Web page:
As they went about developing their techniques, one of their early papers fell across the desk of a Harvard astrophysicist named Robert Kirshner, who was asked to act as a peer reviewer. Kirschner apparently didn’t think much of the work, and rejected the paper. But he thought the idea behind the work was worth pursuing, and before long, a competing collaboration, the The High-z Supernova Search, was set up, led by Brian Schmidt, an American now based at the Australian National University. Schmidt’s team was behind in terms of data gathering, but they felt that they had a superior approach to analyzing the data.
Through a mix of collaboration and competition, the two teams built up a database of distant Type Ia supernovae and began to publish their results and present them at meetings. To the surprise of nearly everyone, the teams failed to turn up any hint of a deceleration in the expansion of the Universe. Instead, both teams independently found that the Universe’s expansion is accelerating.
There are still some arguments over which team deserves credit for getting the answer first but the Nobel Committee has correctly recognized that a startling result like this wouldn’t have been accepted so rapidly by the physics and cosmology communities if there hadn’t been independent confirmation. It took two compelling studies to build a scientific consensus that accepted a new view of the Universe, and the leaders of both teams (Perlmutter and Schmidt) have been recognized. The High-z team may have gotten a bit of extra credit for having had the first publication out, as the post-doc who performed much of its data analysis, Adam Riess, is the third honoree.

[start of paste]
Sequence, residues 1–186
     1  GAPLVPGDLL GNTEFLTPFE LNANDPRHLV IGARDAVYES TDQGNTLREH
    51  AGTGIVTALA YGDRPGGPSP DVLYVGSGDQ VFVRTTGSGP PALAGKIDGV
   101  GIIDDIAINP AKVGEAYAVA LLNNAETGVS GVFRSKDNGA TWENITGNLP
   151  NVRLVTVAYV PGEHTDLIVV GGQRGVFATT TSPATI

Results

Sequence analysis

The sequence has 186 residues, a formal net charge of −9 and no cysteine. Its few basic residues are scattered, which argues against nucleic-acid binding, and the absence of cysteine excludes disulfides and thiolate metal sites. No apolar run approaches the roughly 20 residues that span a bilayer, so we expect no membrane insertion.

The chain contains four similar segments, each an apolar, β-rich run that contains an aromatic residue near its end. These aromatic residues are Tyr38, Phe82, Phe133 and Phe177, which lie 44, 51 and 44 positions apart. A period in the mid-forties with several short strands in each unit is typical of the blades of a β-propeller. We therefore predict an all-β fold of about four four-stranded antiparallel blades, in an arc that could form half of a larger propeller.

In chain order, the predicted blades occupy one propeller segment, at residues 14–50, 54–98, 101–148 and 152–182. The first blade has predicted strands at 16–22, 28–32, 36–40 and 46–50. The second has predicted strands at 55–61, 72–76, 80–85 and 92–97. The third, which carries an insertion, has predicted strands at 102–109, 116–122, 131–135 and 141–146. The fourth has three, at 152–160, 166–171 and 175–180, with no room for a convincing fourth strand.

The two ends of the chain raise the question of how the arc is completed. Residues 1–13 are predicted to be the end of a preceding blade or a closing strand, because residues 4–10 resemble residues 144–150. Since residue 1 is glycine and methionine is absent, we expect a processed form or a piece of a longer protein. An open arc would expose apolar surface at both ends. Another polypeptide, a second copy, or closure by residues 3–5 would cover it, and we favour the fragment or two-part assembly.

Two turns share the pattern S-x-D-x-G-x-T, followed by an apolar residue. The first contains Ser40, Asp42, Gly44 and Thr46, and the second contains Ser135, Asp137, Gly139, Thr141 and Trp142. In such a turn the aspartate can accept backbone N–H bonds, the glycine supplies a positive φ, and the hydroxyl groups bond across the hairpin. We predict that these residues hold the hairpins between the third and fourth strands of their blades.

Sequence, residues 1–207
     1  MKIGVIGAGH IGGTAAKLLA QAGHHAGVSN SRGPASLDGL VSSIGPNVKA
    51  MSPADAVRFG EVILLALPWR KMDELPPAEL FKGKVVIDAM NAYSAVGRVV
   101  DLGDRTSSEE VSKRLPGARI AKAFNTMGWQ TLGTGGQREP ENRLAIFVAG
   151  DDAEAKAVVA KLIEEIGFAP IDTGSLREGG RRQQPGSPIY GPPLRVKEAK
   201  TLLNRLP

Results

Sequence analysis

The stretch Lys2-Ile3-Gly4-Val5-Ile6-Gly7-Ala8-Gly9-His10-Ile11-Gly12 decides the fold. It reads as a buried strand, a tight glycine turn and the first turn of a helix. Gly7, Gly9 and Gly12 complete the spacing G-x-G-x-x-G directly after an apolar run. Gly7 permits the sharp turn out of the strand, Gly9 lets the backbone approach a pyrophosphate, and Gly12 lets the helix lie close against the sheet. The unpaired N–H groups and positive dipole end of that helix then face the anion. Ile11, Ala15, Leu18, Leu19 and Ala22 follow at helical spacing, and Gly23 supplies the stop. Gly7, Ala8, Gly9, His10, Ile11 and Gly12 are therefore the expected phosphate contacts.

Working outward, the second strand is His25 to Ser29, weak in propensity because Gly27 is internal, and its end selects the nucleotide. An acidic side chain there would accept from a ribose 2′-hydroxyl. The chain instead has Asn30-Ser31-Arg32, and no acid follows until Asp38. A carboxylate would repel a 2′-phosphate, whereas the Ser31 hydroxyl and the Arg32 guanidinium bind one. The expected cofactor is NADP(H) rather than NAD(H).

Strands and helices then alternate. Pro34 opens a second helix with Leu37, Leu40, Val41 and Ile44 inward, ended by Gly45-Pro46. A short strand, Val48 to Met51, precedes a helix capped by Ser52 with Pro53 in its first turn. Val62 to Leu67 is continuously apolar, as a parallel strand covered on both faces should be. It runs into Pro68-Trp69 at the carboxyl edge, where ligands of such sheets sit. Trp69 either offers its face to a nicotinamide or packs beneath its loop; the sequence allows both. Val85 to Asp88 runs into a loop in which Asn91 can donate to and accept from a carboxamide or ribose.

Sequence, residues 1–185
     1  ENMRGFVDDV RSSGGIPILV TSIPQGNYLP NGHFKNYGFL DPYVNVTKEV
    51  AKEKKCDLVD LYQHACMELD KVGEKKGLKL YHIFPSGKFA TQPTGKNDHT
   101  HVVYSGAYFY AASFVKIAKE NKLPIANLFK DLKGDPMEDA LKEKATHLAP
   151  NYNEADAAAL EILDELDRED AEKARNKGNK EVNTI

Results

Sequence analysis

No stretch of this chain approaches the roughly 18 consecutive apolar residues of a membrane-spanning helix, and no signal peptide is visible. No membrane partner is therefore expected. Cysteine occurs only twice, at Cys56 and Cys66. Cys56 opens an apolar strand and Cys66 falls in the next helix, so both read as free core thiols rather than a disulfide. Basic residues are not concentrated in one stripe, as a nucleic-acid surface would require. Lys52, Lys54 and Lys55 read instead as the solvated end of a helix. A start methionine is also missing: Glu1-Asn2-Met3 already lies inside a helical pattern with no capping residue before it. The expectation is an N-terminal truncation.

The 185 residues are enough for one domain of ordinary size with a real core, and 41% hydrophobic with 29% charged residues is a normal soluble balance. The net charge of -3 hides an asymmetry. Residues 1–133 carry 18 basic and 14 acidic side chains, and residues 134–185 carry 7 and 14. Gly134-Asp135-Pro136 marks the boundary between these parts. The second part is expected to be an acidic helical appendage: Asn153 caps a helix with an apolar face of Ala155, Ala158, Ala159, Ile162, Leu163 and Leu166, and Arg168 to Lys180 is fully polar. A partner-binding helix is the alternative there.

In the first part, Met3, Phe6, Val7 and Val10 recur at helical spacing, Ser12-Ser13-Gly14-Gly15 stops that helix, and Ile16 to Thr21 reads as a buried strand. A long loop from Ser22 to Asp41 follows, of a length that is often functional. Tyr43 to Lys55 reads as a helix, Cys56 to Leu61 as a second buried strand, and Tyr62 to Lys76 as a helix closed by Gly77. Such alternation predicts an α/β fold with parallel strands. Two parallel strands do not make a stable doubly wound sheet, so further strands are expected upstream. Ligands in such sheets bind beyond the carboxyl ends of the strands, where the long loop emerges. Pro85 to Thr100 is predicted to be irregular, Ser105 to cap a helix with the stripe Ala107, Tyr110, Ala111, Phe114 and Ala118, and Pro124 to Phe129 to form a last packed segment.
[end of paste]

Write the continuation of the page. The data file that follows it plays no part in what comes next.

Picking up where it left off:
In the intervening years, independent evidence has indicated that the measurements from supernovae have it right. Both the spatial distribution of galaxies and the cosmic microwave background indicate that there’s over 70 percent of something in the Universe that is neither dark matter nor regular matter.
Even though the scientific community has accepted what the supernova teams have found that the Universe is telling us, nobody’s quite sure what the Universe means. It’s possible that Einstein was right in terms of suggesting a cosmological constant, just mistaken about its sign. A constant repulsion could have been masked by gravitational attraction while the Universe was younger and more dense. Now that it’s sufficiently diffuse, the repulsive force is able to dominate, initiating a new inflation. Unfortunately, the best prospect for a constant source of energy, quantum vacuum fluctuations, doesn’t provide enough of it—in fact, it falls short by a factor of 10120.
An alternative is that the Universe has recently started experiencing a new force, a cosmological non-constant that goes by the generic term quintessence. There are some ideas for what these might be, such as quantum phase transition, but no experimental evidence for them. The relevant scientific communities seem to have a mix of feelings about these results. There’s a bit of frustration, since it’s difficult to know how to start looking for something that you don’t understand. But there’s a confident excitement that someone will eventually figure it all out, and physics and cosmology will be changed forever when they do.